Not food related but ironic enough to share was the young woman riding from NYC to Port Authority on the late evening bus that I was on. She carried on with a very loud 30 minute monologue on here cell phone about how all men were dogs and her soon-to-be-ex boyfriend was the slimiest one of all. Throughout the entire conversations she was reading Brides Magazine. :wacko:

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I think requesting that cell phone conversations be carried on in hushed tones makes about as much sense as asking everyone to start whispering in face to face conversations. Less sense in fact, considering it's harder to understand someone over the phone. Is there something about hearing a one-sided conversation that drives people nuts? Curiosity, maybe?

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woman riding from NYC to Port Authority on the late evening bus that I was on. She carried on with a very loud 30 minute monologue on here cell phone about how all men were dogs and her soon-to-be-ex boyfriend was the slimiest one of all. Throughout the entire conversations she was reading Brides Magazine. :wacko:

It's nice to know she still has hopes of finding Mr. Right! :wacko:

KathyM

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Is there something about hearing a one-sided conversation that drives people nuts? Curiosity, maybe?

Yes.

If you are part of the group it is just plain rude.

If you are not part of the group, it is probably curiosity.

In a restaurant, either of the two above is a distraction from what should be a communal experience of the group at the table, or at least the right in a public place to not be annoyed by the boob at the next table.

Linda LaRose aka "fifi"

"Having spent most of my life searching for truth in the excitement of science, I am now in search of the perfectly seared foie gras without any sweet glop." Linda LaRose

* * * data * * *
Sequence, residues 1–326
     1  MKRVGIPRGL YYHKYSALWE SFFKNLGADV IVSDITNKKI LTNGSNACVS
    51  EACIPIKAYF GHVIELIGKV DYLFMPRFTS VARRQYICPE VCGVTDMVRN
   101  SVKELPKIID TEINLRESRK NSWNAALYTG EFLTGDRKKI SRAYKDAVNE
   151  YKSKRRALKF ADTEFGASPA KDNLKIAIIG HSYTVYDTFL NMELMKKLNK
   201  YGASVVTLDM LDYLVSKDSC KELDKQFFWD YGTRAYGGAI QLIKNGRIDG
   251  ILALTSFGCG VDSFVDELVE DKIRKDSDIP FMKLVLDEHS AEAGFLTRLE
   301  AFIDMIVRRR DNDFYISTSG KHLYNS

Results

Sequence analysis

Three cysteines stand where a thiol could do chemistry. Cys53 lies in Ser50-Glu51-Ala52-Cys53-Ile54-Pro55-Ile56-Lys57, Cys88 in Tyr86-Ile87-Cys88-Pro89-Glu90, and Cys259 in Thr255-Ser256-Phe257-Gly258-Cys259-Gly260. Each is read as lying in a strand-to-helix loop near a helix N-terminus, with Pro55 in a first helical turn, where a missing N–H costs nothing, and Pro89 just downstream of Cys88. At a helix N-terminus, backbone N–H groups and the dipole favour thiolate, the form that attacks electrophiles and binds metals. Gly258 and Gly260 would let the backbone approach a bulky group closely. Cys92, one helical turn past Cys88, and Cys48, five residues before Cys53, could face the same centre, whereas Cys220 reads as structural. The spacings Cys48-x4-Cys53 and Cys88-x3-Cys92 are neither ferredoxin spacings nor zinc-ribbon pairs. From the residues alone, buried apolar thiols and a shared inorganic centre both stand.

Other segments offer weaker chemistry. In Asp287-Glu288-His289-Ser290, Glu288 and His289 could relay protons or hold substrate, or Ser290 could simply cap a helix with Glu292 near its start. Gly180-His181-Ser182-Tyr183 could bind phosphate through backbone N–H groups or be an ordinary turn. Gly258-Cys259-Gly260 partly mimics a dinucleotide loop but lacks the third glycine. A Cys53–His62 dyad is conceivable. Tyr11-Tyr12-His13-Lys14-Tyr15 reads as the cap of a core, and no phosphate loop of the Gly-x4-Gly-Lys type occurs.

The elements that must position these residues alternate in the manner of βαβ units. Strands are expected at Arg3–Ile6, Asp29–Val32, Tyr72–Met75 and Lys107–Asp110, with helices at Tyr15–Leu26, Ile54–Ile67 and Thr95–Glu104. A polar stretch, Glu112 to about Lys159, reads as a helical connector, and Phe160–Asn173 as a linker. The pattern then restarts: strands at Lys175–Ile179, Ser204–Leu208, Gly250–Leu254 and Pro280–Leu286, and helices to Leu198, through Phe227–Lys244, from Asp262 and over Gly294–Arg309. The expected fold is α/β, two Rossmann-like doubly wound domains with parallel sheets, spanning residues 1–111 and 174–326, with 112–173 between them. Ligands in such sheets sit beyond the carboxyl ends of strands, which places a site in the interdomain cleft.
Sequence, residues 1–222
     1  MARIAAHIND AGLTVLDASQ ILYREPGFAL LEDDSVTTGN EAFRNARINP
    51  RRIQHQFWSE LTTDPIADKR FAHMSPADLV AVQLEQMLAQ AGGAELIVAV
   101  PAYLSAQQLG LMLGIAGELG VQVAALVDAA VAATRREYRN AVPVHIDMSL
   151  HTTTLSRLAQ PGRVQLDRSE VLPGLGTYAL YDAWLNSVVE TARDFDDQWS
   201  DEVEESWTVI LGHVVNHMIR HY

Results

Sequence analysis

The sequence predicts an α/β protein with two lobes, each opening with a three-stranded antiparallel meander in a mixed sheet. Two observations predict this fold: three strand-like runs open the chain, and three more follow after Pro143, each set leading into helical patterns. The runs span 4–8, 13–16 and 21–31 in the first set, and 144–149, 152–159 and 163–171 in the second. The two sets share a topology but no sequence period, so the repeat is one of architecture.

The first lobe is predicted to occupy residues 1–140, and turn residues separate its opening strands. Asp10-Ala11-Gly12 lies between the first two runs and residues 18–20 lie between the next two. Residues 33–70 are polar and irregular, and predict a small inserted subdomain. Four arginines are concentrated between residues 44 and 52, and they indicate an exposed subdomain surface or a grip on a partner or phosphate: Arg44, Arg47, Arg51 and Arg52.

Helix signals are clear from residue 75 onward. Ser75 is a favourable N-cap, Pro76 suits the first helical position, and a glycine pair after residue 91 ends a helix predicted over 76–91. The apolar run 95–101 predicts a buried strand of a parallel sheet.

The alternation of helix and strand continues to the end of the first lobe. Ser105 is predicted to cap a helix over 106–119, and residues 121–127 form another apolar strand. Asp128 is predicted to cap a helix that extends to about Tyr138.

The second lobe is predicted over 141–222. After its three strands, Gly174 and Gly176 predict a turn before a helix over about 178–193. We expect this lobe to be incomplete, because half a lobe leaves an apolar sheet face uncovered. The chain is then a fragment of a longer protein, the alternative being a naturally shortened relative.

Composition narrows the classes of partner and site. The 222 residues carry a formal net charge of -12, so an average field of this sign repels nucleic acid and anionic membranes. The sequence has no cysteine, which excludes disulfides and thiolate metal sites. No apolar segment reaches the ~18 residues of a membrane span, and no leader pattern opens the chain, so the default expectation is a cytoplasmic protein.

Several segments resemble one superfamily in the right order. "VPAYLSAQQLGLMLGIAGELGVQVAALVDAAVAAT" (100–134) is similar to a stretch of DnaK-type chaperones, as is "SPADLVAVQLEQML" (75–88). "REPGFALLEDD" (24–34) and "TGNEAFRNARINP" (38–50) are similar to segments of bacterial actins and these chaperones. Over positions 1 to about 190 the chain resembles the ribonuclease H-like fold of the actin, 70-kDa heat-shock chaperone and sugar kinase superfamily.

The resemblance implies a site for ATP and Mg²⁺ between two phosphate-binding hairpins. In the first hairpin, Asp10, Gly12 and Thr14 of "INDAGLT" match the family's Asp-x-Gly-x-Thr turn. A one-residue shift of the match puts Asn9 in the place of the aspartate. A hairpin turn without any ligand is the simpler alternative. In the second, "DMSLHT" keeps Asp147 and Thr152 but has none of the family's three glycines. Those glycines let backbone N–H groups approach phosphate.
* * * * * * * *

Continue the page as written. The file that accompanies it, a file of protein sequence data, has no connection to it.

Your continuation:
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or at least the right in a public place to not be annoyed by the boob at the next table.

you have a "right" to not be annoyed? if the person on the phone isn't in your group i suggest you exercise that right and get on with your meal. :laugh:

Absolutely, Tommy. And next time I see you sitting quietly, reading or chatting with a friend or simply watching the day go by, I will blast my choice of music -- I'm thinking something from an Up With People compilation, or maybe the Little Alvin and the Chipmunks Christmas album :biggrin: -- top volume. Because, after all, what I want to do is the only think that counts, and the fact that you are sharing my space -- maybe because you're in the middle of a meal, or because you're in the same subway car, or even because you are walking down the street with the assanine assumption that nobody will be so rude and self-absorbed as to inflict their personal choices on everybody else in the vicinity -- anyway, the fact that you are sharing my space will be just tough darts.

So you don't feel that anyone has any obligation of courtesy toward the people around them, at least as regards cell-phone use (and, from an earlier thread, the use of flash-cameras in restaurants). Do you feel there is any obligation of courtesy whatsoever? If I feel like merrily peeing on your trousers, can I do so, or do you have a "right" to sit in a restaurant/walk down the street without being sprinkled with others' effluvia? If, while you're sunk in conversation in a restaurant, I feel like repeatedly screaming "MUSHROOM!!!!" in your left ear, may I do so? Or do I have some kind of obligation to refrain?

Edited by mags (log)
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mags, i agree that this is a spot on analogy assuming the boob at the next table is blasting a Chipmunks album into his/her cellphone. :wink:

just to be clear, i was referring to fifi's post referring to one-sided conversations being annoying. i don't know if people get annoyed if there's a deaf person reading someone's lips as well, but i would hope not.

Edited by tommy (log)
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I think requesting that cell phone conversations be carried on in hushed tones makes about as much sense as asking everyone to start whispering in face to face conversations. Less sense in fact, considering it's harder to understand someone over the phone. Is there something about hearing a one-sided conversation that drives people nuts? Curiosity, maybe?

Part of my point was that cell-phone conversations should not BE conversations, unless the speaker stands no chance of inflicting that conversation on other people.

As for their being hushed, when you are inconveniencing others -- when you have to squeeze sqeeze through a row of seated movie-watchers to get back to your seat after a run to the popcorn stand, for example -- do you make any effort to minimize the inconvenience you're causing? Or do you just push past, stepping on toes, hailing your friend with victorious abandon, spraying the assembled throng with chewed bits of popcorn and dribbles of Diet Coke?